Fancy Nancy by DROPS Design

Crochet hat and neckwarmer for children in DROPS Nepal

DROPS Children 24-39
DROPS design: Pattern no ne-006-bn
Yarn group C
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HAT:
Size: 3/5 - 6/9 - 10/12 years
Head circumference: 50/52 - 52/54 - 54/58 cm / 19½"-20½" - 20½"/21¼" - 21¼"/22¾"
Materials: DROPS NEPAL from Garnstudio
100 g for all sizes in 3112, powder pink
50 g for all sizes in color no 501, gray.

NECK WARMER:
Size: one-size
Circumference: 60 cm / 23½''
Height: 12 cm / 4¾''
Materials: DROPS NEPAL from Garnstudio
100 g color no 3112, powder pink
50 g color no 501, gray

DROPS CROCHET HOOK size 6 mm / J/10 - or size needed to get 13 sc/dc = width 10 cm / 4''.

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Alternative Yarn – See how to change yarns here
Yarn Groups A to F – Use the same pattern and change the yarn here
Yarn usage using an alternative yarn – Use our yarn converter here

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65% Wool, 35% Alpaca
from 3.30 $ /50g
DROPS Nepal uni colour DROPS Nepal uni colour 3.30 $ /50g
Wool Warehouse Direct Ltd
Order
DROPS Nepal mix DROPS Nepal mix 3.45 $ /50g
Wool Warehouse Direct Ltd
Order
needles DROPS Needles & Hooks
You can get the yarn to make this pattern from 9.90$. Read more.

Pattern instructions

NOTE: This pattern is written in American English. All measurements in charts are in cm. For conversion from inches to cm - click here. There are different terms for crocheting in American and British English. If this pattern includes crochet, click for "crochet terms" here. For this pattern in British English, please click here.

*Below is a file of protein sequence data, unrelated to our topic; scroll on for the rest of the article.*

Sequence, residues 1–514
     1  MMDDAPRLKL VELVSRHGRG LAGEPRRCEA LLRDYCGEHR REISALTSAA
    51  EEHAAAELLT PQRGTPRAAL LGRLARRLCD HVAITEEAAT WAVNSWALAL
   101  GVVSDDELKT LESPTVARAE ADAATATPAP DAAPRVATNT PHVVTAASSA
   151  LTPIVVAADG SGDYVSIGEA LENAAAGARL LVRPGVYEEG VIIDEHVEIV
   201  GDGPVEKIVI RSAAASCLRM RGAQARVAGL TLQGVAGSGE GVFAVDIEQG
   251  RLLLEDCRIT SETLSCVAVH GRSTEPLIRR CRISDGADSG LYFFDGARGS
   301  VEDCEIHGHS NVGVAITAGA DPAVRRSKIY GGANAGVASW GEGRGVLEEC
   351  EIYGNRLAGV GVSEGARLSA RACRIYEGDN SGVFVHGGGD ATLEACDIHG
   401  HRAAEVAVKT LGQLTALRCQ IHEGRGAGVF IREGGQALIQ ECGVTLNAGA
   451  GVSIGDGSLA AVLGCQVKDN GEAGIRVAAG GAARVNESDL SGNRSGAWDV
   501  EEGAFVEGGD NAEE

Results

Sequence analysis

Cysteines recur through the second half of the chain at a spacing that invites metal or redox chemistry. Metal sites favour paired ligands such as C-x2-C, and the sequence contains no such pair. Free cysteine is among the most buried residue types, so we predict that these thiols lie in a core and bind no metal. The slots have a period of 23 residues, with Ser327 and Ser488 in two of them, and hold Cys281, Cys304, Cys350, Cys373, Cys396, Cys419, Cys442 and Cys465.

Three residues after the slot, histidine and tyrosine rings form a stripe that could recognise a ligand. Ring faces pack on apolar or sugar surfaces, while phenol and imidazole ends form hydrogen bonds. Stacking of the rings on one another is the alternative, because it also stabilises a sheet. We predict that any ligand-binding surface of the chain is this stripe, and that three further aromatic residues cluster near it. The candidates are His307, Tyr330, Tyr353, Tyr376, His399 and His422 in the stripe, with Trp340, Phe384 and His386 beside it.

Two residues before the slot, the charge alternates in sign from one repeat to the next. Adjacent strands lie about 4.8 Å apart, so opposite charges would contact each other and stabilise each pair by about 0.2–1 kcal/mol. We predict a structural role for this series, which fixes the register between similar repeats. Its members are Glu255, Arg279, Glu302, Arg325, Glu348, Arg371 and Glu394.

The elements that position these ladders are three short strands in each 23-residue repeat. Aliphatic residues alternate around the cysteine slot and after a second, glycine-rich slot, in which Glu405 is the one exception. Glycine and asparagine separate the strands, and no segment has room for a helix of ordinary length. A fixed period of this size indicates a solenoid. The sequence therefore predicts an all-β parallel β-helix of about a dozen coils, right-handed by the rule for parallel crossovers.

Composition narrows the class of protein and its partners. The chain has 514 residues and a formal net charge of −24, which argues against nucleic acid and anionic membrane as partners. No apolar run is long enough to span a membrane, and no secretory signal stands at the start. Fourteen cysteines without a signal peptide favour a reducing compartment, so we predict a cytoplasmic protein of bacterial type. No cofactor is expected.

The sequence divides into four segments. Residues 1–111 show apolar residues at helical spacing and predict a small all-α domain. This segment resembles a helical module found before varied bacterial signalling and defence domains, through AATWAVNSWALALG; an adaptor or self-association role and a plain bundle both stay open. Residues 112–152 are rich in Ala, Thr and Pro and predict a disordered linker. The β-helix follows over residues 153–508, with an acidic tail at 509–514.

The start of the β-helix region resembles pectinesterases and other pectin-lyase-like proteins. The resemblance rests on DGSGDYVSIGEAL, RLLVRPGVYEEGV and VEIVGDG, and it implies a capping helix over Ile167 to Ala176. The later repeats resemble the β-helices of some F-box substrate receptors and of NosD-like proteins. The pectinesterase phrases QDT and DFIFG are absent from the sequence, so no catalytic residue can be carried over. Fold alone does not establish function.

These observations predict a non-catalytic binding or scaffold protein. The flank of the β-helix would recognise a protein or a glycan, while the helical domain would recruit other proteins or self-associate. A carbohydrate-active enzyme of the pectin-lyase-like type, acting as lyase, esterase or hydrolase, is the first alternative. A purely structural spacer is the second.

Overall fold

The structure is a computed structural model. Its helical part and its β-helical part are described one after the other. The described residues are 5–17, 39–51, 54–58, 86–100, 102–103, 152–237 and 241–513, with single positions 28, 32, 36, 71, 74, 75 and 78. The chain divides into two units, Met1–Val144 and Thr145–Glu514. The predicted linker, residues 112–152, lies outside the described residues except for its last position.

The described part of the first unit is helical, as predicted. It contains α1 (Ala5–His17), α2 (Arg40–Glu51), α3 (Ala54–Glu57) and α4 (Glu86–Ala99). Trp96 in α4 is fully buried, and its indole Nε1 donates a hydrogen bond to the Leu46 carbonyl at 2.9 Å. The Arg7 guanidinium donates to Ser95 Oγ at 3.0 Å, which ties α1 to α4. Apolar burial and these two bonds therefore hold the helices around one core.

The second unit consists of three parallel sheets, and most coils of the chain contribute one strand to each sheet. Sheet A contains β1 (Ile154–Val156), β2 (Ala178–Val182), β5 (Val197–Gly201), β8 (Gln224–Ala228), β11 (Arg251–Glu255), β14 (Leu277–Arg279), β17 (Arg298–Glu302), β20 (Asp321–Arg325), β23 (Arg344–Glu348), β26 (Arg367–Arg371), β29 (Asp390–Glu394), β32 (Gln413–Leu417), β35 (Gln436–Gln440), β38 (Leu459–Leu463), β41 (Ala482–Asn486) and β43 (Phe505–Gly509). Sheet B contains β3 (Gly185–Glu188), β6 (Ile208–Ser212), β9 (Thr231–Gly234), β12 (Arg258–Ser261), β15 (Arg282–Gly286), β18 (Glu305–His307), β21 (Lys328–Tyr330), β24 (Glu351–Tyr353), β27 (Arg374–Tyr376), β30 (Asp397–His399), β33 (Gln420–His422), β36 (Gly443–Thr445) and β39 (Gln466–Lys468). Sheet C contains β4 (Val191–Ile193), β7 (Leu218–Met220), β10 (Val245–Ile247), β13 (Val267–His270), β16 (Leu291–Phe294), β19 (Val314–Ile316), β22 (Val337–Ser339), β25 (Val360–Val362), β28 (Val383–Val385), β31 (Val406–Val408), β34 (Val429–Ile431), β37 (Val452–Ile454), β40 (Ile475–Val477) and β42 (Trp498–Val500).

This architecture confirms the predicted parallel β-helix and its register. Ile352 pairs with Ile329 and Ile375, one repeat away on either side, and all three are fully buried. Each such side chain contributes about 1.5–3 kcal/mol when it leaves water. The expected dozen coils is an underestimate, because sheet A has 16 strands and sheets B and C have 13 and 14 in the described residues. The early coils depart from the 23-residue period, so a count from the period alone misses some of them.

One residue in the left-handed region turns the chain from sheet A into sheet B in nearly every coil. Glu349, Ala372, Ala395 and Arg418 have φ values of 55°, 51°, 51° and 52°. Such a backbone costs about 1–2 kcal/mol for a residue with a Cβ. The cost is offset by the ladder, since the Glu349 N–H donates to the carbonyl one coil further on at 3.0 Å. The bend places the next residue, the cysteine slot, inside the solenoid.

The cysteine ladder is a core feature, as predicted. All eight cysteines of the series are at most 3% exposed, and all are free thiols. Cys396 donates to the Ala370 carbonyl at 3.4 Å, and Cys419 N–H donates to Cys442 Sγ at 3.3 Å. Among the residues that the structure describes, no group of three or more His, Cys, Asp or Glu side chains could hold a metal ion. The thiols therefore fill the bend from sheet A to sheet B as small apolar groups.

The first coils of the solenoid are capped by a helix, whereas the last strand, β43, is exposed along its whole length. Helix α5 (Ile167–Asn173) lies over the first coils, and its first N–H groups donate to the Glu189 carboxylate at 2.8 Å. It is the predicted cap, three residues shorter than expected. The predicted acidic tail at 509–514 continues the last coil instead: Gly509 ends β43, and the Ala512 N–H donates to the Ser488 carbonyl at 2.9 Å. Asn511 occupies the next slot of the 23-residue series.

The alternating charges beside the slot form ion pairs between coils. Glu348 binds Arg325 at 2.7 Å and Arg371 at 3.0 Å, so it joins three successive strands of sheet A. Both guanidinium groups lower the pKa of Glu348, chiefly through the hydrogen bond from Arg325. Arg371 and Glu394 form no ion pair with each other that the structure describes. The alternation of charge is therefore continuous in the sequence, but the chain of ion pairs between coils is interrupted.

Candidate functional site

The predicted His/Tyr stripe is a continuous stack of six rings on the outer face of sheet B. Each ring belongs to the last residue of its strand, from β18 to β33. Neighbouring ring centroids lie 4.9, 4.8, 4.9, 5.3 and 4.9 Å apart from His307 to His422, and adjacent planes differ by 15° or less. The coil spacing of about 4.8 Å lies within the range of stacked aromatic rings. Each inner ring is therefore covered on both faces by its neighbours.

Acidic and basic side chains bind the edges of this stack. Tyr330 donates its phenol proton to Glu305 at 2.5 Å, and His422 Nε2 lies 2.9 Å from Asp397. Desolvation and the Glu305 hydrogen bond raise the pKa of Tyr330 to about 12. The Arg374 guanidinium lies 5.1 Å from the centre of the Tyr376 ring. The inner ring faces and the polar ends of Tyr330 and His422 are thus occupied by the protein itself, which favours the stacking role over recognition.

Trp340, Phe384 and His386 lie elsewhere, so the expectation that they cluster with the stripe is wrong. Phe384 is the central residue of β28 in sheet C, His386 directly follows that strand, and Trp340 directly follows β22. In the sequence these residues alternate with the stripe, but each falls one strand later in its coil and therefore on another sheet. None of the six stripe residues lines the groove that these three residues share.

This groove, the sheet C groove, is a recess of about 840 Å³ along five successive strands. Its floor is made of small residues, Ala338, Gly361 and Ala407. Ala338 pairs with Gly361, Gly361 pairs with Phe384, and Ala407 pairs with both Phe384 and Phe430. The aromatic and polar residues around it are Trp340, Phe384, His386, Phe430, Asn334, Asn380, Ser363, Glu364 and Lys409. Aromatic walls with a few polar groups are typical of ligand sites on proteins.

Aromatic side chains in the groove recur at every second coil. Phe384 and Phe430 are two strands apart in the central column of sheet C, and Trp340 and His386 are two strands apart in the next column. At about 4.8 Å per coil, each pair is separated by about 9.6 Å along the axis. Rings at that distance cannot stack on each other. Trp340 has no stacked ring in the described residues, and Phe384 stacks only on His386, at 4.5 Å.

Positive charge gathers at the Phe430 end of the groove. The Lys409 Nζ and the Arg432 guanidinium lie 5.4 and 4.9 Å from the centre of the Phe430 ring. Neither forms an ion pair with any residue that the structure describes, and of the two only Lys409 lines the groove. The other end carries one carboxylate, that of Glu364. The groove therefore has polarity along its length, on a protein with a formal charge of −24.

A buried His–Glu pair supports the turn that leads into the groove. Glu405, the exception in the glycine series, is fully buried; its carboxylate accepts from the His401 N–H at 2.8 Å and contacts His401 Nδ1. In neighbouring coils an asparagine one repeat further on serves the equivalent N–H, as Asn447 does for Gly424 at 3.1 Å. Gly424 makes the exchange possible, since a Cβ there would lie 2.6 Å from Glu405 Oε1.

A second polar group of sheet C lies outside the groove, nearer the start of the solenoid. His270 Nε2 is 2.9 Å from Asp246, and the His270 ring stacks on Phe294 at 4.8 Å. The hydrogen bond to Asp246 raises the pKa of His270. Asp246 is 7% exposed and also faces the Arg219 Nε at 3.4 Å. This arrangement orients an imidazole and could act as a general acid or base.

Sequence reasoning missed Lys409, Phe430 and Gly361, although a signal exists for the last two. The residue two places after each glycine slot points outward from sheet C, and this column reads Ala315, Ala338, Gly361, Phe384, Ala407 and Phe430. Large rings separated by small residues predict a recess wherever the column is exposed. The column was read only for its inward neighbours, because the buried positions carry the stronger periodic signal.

CROCHET INFO: Replace first sc at beg of every round with 1 ch. Finish every row with 1 sl st in 1st ch from beg of round.

ROUNDS WITH DC AND CH:
Work every round with dc and ch as follows: Turn piece so that WS is towards you, ch 4 (= 1 dc + 1 ch), skip 1 ch-space (= last ch from previous round), * 1 dc in next ch-space, ch 1 *, repeat from *-*, finish round with 1 dc in last ch-space (= ch-space with 4 ch from previous round), 1 sl st in ch-space with 4 ch from beg of round – i.e. work alternately on RS and WS to make a nice finish on round.

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HAT:
ROUND 1: Ch 4 on hook size 6 mm / J/10 with powder pink and form a ring with 1 sl st in first ch, work 6 sc in ch-ring = 6 sc. READ CROCHET INFO!
ROUND 2: 2 sc in every sc = 12 sc. REMEMBER THE CROCHET GAUGE!
ROUND 3: * 1 sc in first sc, 2 sc in next sc *, repeat from *-* = 18 sc.
ROUND 4: * 1 sc in each of the first 2 sc, 2 sc in next sc *, repeat from *-* = 24 sc.
ROUND 5: * 1 sc in each of the first 3 sc, 2 sc in next sc *, repeat from *-* = 30 sc.
ROUND 6: * 1 sc in each of the first 4 sc, 2 sc in next sc *, repeat from *-* = 36 sc.
ROUND 7: * 1 sc in each of the first 5 sc, 2 sc in next sc *, repeat from *-* = 42 sc.
ROUND 8: * 1 sc in each of the first 6 sc, 2 sc in next sc *, repeat from *-* = 48 sc.
ROUND 9: * 1 sc in each of the first 7 sc, 2 sc in next sc *, repeat from *-* = 54 sc.
ROUND 10: * 1 sc in each of the first 8 sc, 2 sc in next sc *, repeat from *-* = 60 sc.
ROUND 11: Work 1 sc in every sc but inc 0-6-6 sc evenly = 60-66-66 sc.
Continue to work 1 sc in every sc until piece measures approx. 19-20-21 cm / 7½"-8"-8 1/4". Work 2 rounds with gray.

Then work an edge as follows - with gray:
1 sc in first sc, * skip 2 sc, in next sc work 6 dc, skip 2 sc, 1 sc in next sc *, repeat from *-*, finish the last time with 1 sl st in first sc on round.

Fasten off.

POMPOM:
Make 1 pompom with gray with an approx. diameter of 8 cm / 3''. Fasten it to the top of the hat.

NECK WARMER: